Archive for October, 2008

Former Fed chief Greenspan says he and others in ‘state of shock’ over fragile global economy

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The US economy appears to be plunging into what many experts believe will be its worst recession since 1982.

Senior officials at the Treasury and Federal Reserve are confident that the rescue plan for US banks will succeed in preventing a financial system meltdown and ensure there will not be a repeat of the Great Depression. But they know that a sharp economic downturn is already baked in the cake. They do not,however, know how deep or protracted it will be.

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Venture capital investment was down slightly in the third quarter, according to the MoneyTree Report released Saturday from PricewaterhouseCoopers and the National Venture Capital Association. Venture capitalists put $7.7 billion into 1,033 deals, a decrease of 7 percent from the second quarter.

The third quarter of the year is generally slower for venture investing, and the analysts who produced the report said that the economic crisis is not yet affecting venture numbers. In future quarters, though, the industry will probably see a dip in investing, said Tracy T. Lefteroff, global managing partner of the venture capital practice at PricewaterhouseCoopers.

For now, “the venture industry is very much open for business,” said John S. Taylor, vice president of research at the National Venture Capital Association.

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Over the past 40 years, I have learned and hopefully executed the characteristics for success, outlined below, in good and turbulent times.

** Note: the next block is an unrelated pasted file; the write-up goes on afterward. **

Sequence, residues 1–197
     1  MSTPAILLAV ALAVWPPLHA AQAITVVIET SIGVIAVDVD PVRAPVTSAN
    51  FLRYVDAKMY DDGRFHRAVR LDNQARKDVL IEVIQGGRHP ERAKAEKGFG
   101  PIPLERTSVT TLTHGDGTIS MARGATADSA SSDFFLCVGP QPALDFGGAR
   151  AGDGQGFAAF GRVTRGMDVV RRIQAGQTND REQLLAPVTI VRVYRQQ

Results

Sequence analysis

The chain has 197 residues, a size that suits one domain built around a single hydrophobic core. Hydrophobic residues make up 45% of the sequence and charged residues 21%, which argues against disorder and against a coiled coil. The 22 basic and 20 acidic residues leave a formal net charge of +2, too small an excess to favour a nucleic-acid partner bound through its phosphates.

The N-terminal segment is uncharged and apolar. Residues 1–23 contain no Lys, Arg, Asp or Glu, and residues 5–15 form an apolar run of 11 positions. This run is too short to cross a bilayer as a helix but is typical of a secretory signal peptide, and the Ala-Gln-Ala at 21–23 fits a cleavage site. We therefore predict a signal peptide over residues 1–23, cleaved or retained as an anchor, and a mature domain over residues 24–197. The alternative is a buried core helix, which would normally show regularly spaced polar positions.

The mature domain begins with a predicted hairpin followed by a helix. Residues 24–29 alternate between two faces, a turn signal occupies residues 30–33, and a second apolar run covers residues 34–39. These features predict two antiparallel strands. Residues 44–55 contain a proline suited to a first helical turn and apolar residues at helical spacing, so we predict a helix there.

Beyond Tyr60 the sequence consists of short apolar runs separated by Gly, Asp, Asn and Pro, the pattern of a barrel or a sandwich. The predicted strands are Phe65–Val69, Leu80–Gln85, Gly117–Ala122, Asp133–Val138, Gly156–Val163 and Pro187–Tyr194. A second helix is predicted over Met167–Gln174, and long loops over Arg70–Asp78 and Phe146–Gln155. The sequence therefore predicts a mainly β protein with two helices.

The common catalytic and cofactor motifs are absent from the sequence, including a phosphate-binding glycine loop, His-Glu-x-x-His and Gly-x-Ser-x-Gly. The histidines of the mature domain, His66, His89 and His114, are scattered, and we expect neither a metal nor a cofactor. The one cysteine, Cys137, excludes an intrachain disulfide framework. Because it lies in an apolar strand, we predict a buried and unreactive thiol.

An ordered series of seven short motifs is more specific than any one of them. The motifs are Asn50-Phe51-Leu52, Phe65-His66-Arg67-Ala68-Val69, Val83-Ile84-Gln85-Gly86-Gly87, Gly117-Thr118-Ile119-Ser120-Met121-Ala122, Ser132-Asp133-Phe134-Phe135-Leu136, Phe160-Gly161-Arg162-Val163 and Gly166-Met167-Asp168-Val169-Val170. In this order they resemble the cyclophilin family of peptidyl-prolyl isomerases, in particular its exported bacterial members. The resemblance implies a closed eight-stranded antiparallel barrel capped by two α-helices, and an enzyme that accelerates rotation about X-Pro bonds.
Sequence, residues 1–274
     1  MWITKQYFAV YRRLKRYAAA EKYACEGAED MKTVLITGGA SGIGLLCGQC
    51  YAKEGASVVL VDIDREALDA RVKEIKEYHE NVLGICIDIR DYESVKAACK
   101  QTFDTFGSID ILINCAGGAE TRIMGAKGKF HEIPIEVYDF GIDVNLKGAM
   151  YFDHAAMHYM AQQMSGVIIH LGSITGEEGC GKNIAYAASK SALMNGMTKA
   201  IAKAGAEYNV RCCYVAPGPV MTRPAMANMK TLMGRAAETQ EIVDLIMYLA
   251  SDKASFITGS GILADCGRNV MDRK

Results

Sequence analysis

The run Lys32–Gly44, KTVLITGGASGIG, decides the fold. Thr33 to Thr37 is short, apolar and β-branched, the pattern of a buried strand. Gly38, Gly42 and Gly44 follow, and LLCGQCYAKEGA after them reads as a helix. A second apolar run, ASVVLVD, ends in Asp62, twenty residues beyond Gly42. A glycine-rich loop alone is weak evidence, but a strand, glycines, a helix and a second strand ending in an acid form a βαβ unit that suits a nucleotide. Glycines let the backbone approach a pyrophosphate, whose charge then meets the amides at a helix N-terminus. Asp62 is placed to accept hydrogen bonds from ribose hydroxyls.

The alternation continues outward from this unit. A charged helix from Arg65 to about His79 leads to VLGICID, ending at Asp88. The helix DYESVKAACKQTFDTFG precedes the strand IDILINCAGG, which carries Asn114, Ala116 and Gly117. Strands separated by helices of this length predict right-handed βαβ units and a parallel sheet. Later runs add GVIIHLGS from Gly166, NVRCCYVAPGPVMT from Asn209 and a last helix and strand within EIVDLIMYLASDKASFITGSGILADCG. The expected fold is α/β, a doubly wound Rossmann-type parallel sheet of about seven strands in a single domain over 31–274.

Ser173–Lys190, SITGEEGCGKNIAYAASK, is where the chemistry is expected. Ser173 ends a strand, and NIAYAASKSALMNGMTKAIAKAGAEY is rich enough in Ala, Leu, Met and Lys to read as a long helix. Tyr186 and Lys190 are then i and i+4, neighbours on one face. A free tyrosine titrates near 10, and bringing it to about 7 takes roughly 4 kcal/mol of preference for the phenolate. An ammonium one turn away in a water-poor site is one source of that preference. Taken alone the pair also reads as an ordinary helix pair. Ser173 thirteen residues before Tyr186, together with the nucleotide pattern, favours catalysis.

1.  Have Ethics and Integrity – Be Dependable and Responsible

2.  Attitude – Always, Always be Positive

3.  Desire – Have the desire to do the Best You Can 

4.  Consistency – Be consistent in good times and challenging times

5.  Ability – Keep on learning- develop new skills – continue your education – listen and most important, it is OK to say “I don’t know” and “I need help”.

6. Take Action and Risks – Don’t be afraid to make mistakes- that is how you learn, that is how you grow

7. Communicate – Communicate – Communicate – People will tell you when to stop communicating and more important, keep interested parties in the loop and you will be respected by all.

8. Listen – one of the hardest things to do, however we all learn something and grow when we listen

9. Always focus on #1 above, nothing else matters.  Have ETHICS and INTEGRITY. Be DEPENDABLE and take RESPONSIBILITY for your actions.

In today’s Turbulent Times, hopefully the guidance above will provide a road to success, performance and happiness.


Steve Gerbsman

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For the last two years, with the economy collapsing all around it, the technology sector and Silicon Valley in particular have proven to be particularly resilient.

But that might not be the case forever. Sooner or later, as the economy contracts and everybody cuts spending, the companies that power Silicon Valley—the startups, venture capitalists, banks and big producers of technology—are bound to be affected.

“Black Sunday (a week ago) was really a watershed—we’ve crossed a Rubicon,” said Paul Saffo, a Silicon Valley forecaster. “I think it will change everybody’s attitudes about deregulation, toward the landscape of risk and toward all these new-age investments—these derivatives and hedges.

“In the short term, people will be risk-averse. In the long term, it will make people get back to the basics,” said Saffo. “We have risk that people can understand—a startup that gets risk capital. They do well if they deliver something of value to the purchaser, not because of a complex mathematical formula living inside a computer.”

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